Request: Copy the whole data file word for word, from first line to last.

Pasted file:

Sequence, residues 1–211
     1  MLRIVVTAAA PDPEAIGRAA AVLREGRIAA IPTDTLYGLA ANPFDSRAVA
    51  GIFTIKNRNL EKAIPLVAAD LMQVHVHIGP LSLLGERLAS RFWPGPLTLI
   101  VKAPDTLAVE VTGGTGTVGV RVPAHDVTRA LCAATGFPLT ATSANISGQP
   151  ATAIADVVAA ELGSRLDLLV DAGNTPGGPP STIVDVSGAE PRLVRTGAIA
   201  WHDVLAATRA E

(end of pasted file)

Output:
Sequence, residues 1–211
     1  MLRIVVTAAA PDPEAIGRAA AVLREGRIAA IPTDTLYGLA ANPFDSRAVA
    51  GIFTIKNRNL EKAIPLVAAD LMQVHVHIGP LSLLGERLAS RFWPGPLTLI
   101  VKAPDTLAVE VTGGTGTVGV RVPAHDVTRA LCAATGFPLT ATSANISGQP
   151  ATAIADVVAA ELGSRLDLLV DAGNTPGGPP STIVDVSGAE PRLVRTGAIA
   201  WHDVLAATRA E